Given the multiple bodies that are aligned with the specialty, it was felt by respondents that there was a clear role for stronger advocacy for training and the specialty and also support for the challenges that are faced by staff in the maternity services. It was also felt that it was important to be able to portray a positive outlook of the specialty.

“Putting out positive messages…we need to talk about the good… we need to put some balance on the situation” Consultant 12

Organizations that were mentioned that could be more effective in this support and advocacy role included the training colleges, the National Women and Infants Health Program and also the Institute of Obstetricians and Gynecologists; the latter could “undertake a real assessment of what future needs are”.

“I do think the colleges and, you know, people working do have a responsibility to try and get fairly reasonable information out there to people” Consultant 8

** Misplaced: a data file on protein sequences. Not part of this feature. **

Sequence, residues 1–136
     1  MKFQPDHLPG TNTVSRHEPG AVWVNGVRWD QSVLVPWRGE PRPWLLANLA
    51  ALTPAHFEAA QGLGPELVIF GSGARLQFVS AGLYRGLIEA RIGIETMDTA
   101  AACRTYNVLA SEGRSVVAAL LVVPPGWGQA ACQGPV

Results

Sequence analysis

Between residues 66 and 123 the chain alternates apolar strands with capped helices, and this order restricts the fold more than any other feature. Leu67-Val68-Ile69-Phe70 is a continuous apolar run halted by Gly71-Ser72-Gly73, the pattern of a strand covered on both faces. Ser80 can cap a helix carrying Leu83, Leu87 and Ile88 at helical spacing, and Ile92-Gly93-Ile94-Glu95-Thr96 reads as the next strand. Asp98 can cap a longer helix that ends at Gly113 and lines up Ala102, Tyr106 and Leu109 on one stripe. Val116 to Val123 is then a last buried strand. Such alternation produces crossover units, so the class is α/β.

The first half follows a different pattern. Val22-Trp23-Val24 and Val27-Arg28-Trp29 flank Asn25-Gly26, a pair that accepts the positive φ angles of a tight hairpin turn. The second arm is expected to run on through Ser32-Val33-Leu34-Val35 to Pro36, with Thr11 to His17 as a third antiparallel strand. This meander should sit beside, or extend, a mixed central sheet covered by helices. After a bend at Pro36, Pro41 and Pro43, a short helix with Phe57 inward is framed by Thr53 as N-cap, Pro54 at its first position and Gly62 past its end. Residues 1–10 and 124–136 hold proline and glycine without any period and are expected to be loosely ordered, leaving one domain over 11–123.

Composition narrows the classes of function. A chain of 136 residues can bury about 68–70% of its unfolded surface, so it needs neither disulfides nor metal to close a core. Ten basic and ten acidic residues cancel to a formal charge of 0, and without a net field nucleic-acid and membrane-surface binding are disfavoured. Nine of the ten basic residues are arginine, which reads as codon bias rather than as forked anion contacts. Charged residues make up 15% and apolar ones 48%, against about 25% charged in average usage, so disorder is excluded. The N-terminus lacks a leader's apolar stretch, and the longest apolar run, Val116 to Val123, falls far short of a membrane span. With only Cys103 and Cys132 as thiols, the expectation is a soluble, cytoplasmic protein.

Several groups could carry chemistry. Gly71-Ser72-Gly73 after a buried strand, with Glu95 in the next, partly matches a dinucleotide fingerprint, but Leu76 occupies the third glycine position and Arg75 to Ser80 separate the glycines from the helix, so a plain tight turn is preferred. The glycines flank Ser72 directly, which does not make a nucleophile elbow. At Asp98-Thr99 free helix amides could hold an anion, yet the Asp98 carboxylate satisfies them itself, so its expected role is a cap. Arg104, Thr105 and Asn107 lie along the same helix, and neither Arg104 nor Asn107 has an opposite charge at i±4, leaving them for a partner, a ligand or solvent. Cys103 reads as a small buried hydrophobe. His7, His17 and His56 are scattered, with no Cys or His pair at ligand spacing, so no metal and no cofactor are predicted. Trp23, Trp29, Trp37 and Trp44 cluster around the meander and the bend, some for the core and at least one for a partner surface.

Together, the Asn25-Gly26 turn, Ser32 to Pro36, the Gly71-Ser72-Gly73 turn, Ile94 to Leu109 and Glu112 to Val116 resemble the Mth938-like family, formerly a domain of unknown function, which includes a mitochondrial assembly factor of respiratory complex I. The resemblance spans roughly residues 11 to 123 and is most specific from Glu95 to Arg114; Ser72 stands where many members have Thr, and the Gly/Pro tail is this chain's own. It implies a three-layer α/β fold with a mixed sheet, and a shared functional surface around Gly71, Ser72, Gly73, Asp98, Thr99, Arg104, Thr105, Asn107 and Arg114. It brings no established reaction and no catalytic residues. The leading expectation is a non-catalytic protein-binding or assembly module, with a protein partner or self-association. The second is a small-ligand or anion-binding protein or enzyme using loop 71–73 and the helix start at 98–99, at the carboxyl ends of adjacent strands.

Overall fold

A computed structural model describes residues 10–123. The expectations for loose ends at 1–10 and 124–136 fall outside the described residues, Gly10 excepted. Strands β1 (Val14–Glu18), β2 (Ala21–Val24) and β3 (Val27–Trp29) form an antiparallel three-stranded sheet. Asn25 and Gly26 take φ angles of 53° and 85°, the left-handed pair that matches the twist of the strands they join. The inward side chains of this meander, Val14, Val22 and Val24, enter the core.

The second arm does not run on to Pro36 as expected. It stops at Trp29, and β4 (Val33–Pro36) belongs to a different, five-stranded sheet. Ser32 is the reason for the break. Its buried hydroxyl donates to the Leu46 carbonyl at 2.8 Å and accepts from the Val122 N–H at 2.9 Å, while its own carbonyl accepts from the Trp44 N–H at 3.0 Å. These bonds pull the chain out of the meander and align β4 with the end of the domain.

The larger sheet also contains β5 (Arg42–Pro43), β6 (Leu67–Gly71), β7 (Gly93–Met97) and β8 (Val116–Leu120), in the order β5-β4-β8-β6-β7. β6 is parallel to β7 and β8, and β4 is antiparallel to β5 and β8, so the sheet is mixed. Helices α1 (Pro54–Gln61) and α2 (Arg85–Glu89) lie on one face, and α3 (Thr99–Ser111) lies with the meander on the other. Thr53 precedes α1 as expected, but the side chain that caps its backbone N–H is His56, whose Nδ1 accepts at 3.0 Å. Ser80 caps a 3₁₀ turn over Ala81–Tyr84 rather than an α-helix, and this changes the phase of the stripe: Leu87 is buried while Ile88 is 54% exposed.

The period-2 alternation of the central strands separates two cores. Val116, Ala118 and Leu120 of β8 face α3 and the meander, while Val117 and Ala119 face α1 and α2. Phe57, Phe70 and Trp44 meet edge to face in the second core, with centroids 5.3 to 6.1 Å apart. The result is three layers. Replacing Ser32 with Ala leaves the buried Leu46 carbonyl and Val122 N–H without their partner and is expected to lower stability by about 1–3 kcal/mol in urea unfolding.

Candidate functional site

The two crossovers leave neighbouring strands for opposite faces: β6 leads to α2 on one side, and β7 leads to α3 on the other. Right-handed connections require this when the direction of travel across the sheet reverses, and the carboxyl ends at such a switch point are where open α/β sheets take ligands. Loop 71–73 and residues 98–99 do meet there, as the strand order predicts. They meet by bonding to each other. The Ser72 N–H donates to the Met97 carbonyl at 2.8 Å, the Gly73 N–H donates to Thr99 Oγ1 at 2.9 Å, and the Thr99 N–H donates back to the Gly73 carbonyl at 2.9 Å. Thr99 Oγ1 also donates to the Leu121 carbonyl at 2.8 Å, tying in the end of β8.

Comparisons were made to international bodies, where it was felt the support was both more appropriate and collegial.

“The Royal College of Obstetrics and Gynecology would… make statements about issues, they’ll involve themselves in the politics and the public and all the rest of it. In Ireland we don’t have that. In fact, very often they (Irish institutions) have effectively supported the press against us almost by not being clear and informative to the public” Consultant 8